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Domestic Human Rights Frameworks

CHAPTER FIVE: CONTROLS TO PREVENT STATE RACISM

5.2 Domestic Human Rights Frameworks

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performance targets. Often requirements are detailed in job descriptions, employment contracts and annual performance review targets.

A historic control specific to the health sector has been Māori Co-Purchasing Organisations (MAPOs) which were established under the Northern Regional Health Authority (RHA) in the mid-1990s as a structural response to racism. The MAPO strategy was a mechanism to enable a ‘treaty relationship’ with iwi, so Māori could be involved in funding and planning decision-making and service and policy development at all levels. North Health established MAPO with Tainui, Ngāti Whātua and the iwi of Te Tai Tokerau. Kiro (2000, pp. 221-222) quoted Shea (former North Health manager) described MAPO as being:

Responsible for prioritising Maori health within the RHA’s core business activity for all Maori within the North Health region… [and] The MAPO share joint responsibility for the selection and development of services and providers who are deemed safe, necessary, appropriate, effective and capable of efficient service delivery.

These Treaty relationships forged by North Health operated at both governance and operational levels were later transferred to the HFA and then the Ministry of Health and local DHBs (Minister of Health, 2000). A formal memorandum of understanding defined the treaty partnership with operational protocols to define the mechanics of the working relationship. The practicalities of the partnership meant MAPO staff work alongside Crown colleagues and were involved in all strategic policy-making and planning, funding decision-making, contract negotiations and monitoring.

In summary, there are a plethora of controls on the behaviour of Crown officials and Ministers. These checks and balances address the dimensions of control, guidance and structure. The effective functioning is reliant on access to information to detect racism and professional commitment to compliance.

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accountability and transparency through the enactment of legislation and is focussed on promoting civil society participation.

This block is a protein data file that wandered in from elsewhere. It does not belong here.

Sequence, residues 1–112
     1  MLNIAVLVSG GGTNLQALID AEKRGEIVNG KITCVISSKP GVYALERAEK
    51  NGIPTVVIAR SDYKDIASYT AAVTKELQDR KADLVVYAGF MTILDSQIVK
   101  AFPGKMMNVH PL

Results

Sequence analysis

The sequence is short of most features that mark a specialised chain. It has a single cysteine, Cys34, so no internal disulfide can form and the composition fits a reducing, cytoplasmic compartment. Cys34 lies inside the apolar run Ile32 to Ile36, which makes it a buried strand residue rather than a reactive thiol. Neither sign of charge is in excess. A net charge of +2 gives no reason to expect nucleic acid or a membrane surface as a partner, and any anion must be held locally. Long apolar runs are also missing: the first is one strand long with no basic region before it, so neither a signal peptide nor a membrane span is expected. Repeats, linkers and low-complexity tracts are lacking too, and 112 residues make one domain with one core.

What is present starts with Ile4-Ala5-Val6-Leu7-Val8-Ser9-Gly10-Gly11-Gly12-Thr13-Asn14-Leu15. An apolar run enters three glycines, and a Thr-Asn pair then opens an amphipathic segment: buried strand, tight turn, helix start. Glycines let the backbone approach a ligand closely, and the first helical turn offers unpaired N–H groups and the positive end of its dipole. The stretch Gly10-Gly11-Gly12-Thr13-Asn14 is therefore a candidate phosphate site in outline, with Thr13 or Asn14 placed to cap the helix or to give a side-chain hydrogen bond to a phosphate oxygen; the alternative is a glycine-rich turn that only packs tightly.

Paradies (2005) and Sanson, et al. (1998) assert that an effective domestic human rights framework requires an independent agency to administer the legislation and related portfolios free of political interference. They concur that such an agency needs to be well resourced and have a mandate to take a whole of government approach. Capacity needs to be sufficient to allow timely responses to complaints and relationships to be formed with communities targeted by racism. Paradies (2005, pp. 18-19) also emphasises the importance of that central agency taking strategic responsibility to collect and publish data about the how and when racism is manifested so anti-racism interventions can be effectively evaluated and progress monitored. This work can be extended and strengthened by an engaged civil society.

In the context of racism practiced by state parties, an independent agency to oversee human rights is important. Historically various governments have endorsed what are now considered racist legislation, such as the Jim Crow laws in the United States which denied Afro-Americans suffrage, political and economic equity (Better, 2008, p. 26). This caution aside, Psychologist Aronson (1999), argues the most critical factor in the reduction of blatant discrimination in the United States has been the civil rights legislation of the 1960s.

In order for anti-discrimination legislation to be effective, the scope of the legislation needs to include institutional discrimination as practiced by local, regional, state and/or federal governments. This is not always the case as governments grant themselves exemptions and exclusions. Bourne (2001, p. 21) writing in the context of England notes initial drafts of the Race Relations (Amendment) Act 2000 (UK) exempted public bodies from over half of the Acts powers related to both direct and indirect racism.74 Moreton-Robinson (2004, p.

4), notes the failure of Australian anti-discrimination laws to provide legal redress for the extinguishment of native title as an illustration that systemic discrimination against indigenous peoples can and does fall outside legislative jurisdictions.

Sanson, et al. (1998, p. 174) claim that legislation can invoke controversy and disapproval from parts of society, as some feel it curtails their individual freedom.

Paradies (2005, p. 13) asserts it is difficult to definitively gauge the impact of anti-discriminatory legislation. He maintains however, that there is no doubt that similar legislation around seat belt usage and drink driving, has brought about significant changes in expressed attitudes and observable behaviour.